I was surprised to find a chic upscale boutique called Threads. Not my style of clothing and accessories, but interesting nonetheless.
There’s one art gallery called Gallery One Ellleven – no, not a typo, 111 is the address on Third St. – but despite the sign saying it should have been open, it was decidedly closed. Disappointing.
Another restaurant of note is the gas station-turned-burger joint Fat Boy and Skinny’s. Having some time to kill, I went there for a root beer float (with chocolate ice cream, of course). If I hadn’t been full from the beef tips, I’d have eaten a second lunch. The burgers smelled delicious, and the fries were fresh cut. I can’t wait till next time I have to pick up Eric, so I can stop there to eat.
Friday, September 24, 2010
I moved here in 2007; two years after Rita blew through. I remember being shocked that there could still be so much visible damage, even two years later. Blue-tarped covered wind-damaged roofs. Billboards and business signs blown out. Once vibrant shops and storefronts boarded up. In Cameron, we saw hollowed out houses, shredded remnants of curtains fluttering in busted out windows; bare cement foundations which used to support homes; small cottages and vehicles tilted askew, abandoned, in the middle of marsh grass. And I remember feeling guilty, because I never knew. I prayed for the victims of Katrina. But I didn't know about Rita. I sent money to help the victims of Katrina. But I didn't know about Rita.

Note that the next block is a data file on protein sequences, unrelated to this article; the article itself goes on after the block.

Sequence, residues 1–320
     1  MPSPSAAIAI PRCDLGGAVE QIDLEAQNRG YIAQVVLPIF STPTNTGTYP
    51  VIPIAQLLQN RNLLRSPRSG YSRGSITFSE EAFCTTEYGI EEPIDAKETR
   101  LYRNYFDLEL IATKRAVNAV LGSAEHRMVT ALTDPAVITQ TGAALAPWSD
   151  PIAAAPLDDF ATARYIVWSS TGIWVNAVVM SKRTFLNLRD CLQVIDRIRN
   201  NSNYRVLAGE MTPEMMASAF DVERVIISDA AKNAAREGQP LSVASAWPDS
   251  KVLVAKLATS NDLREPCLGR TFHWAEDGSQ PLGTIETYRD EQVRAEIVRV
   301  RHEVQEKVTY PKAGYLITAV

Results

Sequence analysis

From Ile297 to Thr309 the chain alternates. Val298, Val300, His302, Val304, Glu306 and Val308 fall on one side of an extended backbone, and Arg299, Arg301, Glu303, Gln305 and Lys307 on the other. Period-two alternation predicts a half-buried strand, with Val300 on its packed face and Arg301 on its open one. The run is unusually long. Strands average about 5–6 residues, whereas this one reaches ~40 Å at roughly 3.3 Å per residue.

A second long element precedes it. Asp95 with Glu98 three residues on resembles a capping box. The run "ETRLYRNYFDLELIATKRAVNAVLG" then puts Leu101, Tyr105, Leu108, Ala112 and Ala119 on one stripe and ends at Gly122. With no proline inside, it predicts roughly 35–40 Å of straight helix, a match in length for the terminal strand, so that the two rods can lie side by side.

Most every resident has a horror story to tell. Of flooded floors and ruined furniture, lost pets, tree limbs shoved through living room walls. Of sitting in traffic jams for hours during the massive evacuation, cars running out of gas or breaking down, blocking the roads. Of returning to stinking freezers full of rotting food, and dealing with overwhelmed, overworked contractors, and FEMA, Road Home, and insurance nightmares. No electricity for weeks. Schools closed for a month.